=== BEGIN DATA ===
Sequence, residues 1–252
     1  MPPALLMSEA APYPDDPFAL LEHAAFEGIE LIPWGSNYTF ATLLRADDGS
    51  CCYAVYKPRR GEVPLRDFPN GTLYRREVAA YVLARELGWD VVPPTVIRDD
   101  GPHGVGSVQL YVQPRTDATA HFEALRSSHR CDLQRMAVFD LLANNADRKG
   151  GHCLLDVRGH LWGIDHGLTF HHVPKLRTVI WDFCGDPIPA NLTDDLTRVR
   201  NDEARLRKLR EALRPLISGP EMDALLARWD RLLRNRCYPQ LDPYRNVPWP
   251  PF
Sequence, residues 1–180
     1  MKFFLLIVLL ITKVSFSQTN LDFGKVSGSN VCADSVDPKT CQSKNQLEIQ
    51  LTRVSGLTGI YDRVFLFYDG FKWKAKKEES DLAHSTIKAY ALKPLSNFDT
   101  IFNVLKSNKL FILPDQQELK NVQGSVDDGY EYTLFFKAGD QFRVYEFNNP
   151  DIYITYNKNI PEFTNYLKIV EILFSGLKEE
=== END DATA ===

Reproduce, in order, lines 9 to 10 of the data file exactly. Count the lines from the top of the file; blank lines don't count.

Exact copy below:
     1  MKFFLLIVLL ITKVSFSQTN LDFGKVSGSN VCADSVDPKT CQSKNQLEIQ
    51  LTRVSGLTGI YDRVFLFYDG FKWKAKKEES DLAHSTIKAY ALKPLSNFDT